11. I got so busy transcribing the secondary points, I neglected the main one.

    In seeing the circle, I am reminded of Jung’s contention that it symbolizes the whole Self, but even more so when it is crossed by a horizontal and vertical line.

    So if we start with a circle and “X” it out, then we more accurately represent the Self (as a mandala) than when we simply confront a circle.

    And this, perhaps, because as the union of two people of differing heritage, a “pure” circle (uncrossed) can only represent a (dangerous or misleading) idealization.

    • So many things to think about, Snow Leopard! As an actor trainer, I somewhat paradoxically encourage White students, in addition to students with more pluralistic backgrounds to explore their heritage as there are some interesting ways immigrantness can manifest in our identity, even many generations removed. Although I don’t like it when people lean on their immigrantness to avoid discussions of privilege, I do honor the influence our backgrounds can potentially have on us. For example, my mom’s father was 1st generation from Poland. I am keenly aware of the prejudice he faced and the resulting need for him to elope with my grandmother who was Irish Catholic. Polish nonsense words were spoken in my home and my paternal grandfather was many generations removed from his German background, but still spoke in German from time to time. This is all part of my inner soundscapes and I have made space for them to coexist with other parts of me.
      I encourage everyone to meditate on their family’s background because I don’t want White students to exoticise their fellow classmates and think that they are cultureless. This reinforces a hegemonic epicenter where everything else is an outlier (or exotic!). It can be very useful to prompt White students to explore the the movements of different diaspora and the triumphs, oppression, and marginalization their ancestors experienced.

  12. Given the coming referendum on independence in Scotland, as well as similar rumblings in Brittany and Catalonia (which I kind of see as a rebellion against an imposed economic and political model which is Anglo-Saxon derived), I wonder what this might mean for the umbrella category of “white”?

    • I am so glad you brought that up, Daniel. One of my upcoming pieces for TRE is going to address the intersectionality of Whiteness. My partner of 7 years is White Scottish, has a working class background, and is cognizant of English oppression. Things are so deliciously complex, aren’t they?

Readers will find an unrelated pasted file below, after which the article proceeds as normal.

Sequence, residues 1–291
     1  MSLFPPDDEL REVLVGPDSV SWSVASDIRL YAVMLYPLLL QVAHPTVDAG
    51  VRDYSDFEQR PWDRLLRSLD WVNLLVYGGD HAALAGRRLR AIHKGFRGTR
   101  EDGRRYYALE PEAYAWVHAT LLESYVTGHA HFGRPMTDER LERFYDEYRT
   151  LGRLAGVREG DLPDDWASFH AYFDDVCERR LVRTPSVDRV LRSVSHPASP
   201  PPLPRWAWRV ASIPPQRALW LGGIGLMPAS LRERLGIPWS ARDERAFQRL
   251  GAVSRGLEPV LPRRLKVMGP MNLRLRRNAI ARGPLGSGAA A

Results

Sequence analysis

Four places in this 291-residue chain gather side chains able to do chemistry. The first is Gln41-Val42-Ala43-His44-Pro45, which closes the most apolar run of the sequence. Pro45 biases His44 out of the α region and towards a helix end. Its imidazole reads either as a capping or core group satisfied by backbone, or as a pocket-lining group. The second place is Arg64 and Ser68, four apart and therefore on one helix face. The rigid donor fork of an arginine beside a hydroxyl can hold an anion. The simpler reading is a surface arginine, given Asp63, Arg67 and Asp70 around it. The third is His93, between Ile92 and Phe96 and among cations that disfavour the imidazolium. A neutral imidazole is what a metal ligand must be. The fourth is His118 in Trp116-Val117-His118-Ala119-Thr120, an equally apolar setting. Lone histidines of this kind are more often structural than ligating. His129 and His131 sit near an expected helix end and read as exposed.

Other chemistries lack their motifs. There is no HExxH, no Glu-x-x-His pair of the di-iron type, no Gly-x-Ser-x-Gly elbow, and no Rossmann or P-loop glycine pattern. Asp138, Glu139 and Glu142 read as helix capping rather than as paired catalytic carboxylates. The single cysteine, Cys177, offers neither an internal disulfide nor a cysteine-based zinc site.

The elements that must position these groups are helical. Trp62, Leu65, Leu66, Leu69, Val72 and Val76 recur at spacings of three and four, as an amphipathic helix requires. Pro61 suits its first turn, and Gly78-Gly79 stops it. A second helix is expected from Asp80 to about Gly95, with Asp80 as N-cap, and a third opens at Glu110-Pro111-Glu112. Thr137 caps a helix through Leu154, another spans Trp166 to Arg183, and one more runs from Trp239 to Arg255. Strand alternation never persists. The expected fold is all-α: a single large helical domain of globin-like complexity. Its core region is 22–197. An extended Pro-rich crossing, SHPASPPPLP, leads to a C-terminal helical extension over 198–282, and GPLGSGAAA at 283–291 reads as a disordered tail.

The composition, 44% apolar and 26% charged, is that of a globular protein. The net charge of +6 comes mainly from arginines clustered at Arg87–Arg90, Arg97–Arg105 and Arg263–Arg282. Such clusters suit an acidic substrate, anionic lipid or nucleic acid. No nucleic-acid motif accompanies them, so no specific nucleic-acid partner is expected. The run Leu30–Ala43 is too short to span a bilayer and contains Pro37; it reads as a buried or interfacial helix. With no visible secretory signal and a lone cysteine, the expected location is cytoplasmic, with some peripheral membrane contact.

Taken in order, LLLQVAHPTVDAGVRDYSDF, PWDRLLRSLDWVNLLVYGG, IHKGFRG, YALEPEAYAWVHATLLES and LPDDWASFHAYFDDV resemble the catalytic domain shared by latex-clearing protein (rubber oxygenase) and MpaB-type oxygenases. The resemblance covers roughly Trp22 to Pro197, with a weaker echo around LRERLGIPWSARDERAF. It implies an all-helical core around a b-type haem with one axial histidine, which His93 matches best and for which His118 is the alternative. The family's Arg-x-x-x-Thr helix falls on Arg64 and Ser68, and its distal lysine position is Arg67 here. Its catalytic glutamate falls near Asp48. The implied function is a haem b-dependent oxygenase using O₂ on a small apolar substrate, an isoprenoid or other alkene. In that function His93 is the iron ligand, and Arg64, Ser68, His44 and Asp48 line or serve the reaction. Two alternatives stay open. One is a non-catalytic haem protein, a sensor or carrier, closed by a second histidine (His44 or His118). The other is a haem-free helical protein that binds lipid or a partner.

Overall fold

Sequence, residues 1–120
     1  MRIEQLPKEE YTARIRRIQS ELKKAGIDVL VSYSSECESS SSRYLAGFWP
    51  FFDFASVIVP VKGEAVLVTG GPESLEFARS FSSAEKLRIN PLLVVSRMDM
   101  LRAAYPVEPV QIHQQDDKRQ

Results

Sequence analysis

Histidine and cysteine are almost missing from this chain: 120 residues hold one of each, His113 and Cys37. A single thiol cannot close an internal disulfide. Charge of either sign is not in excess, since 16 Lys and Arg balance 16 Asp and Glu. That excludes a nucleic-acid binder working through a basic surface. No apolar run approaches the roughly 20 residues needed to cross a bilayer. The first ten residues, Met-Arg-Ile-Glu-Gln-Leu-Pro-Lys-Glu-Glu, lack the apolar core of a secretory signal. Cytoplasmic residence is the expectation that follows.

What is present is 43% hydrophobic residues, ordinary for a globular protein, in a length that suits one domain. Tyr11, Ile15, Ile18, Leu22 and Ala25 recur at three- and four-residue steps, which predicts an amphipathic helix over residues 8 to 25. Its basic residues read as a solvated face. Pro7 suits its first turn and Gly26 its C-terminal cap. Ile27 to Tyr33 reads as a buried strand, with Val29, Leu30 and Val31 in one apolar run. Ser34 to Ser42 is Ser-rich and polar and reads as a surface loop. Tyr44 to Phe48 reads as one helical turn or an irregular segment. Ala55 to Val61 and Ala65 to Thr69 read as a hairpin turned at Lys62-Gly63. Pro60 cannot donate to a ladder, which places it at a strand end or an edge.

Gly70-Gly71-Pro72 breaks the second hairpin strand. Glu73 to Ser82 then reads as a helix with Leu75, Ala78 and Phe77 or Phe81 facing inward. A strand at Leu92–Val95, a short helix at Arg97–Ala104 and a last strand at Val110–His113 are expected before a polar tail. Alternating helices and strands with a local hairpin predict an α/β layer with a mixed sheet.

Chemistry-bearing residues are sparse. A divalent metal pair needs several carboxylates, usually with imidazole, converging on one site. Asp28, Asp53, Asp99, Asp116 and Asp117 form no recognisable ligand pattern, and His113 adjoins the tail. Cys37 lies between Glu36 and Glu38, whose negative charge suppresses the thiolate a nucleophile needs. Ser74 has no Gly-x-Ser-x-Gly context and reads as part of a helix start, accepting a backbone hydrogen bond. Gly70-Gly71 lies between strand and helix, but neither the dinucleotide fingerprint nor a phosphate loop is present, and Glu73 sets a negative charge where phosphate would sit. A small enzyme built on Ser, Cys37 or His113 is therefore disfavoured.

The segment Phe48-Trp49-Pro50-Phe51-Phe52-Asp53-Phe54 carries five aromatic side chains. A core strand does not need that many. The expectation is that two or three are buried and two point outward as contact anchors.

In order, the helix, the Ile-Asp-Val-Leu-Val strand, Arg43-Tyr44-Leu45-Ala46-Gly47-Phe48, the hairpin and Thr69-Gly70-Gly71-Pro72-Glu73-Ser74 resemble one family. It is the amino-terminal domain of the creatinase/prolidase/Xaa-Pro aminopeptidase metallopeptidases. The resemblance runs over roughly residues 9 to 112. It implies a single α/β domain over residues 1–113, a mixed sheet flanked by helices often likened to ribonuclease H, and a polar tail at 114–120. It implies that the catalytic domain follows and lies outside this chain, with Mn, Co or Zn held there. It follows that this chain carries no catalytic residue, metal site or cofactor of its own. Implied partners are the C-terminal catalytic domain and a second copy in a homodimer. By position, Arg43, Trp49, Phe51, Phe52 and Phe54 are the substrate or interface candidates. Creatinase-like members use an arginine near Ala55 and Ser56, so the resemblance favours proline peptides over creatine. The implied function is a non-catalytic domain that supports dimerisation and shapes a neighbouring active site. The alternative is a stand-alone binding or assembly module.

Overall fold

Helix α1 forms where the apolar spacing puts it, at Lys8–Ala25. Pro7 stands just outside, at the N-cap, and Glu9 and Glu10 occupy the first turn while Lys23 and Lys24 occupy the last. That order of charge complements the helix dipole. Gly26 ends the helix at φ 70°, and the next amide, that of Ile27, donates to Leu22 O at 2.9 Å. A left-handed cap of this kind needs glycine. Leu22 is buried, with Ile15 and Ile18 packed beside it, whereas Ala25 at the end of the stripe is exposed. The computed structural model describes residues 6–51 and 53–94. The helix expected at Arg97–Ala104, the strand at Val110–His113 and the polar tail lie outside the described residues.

13. Pingback: complex identities | The Life Of Von

  14. I keep coming back here to reread this wonderful post and edifying replies. My DNA results have not only pinpointed exactly where I come from, they define me as absolutely “of” this place, in terms of ethnicity and community. What was an initial euphoria concerning this knowledge has turned into a kind of despondency in the face of a complete and total inability to avail myself of this in any…spiritual?…constructive?…way. My “circle” would be one solid block of defining color—and yet…and yet. Don’t really know what to do with this.

    • And re-reading this yet again! Beautiful piece, Amy, and the feedback is excellent. I was at a friend’s house the other day and her son was working on a homework assignment that required a family tree and writing down the color of relatives’ eyes….it doesn’t end.

      And then I was thinking of another metaphor; looking back at my 11 years here and how the perception of me has shifted in my neighborhood. Meaning, as much as I’ve attempted to disaffect myself in terms of identity markers, my neighbors evoke their perception of me….

      At first I was “the American”. Now this is rarely stated, except in joking. I’ve stopped catching myself when I say “we” and “us”—a weird catch waiting to see if I’m going to get “called out”….

      And it’s like a leaf, floating on water, as compared to when the surface tension breaks, and it submerges. Dunno if that holds up to scrutiny, but it just kind of worked its way into my brain….

  15. “…our trauma is not just in our heads- it is in our bodies, in a more abstract and subconscious way. The insidious nature of our trauma means that we don’t always realize that difficulty in our lives or relationships relates to our adoption.” That really stuck out to me. This is what adoptees need to hear to understand themselves. Thank you for this post.

  16. Pingback: Why Asian Adoptees Need to Give a Shit about #BlackLivesMatter | THE MIX, a weekly look at mixed ancestry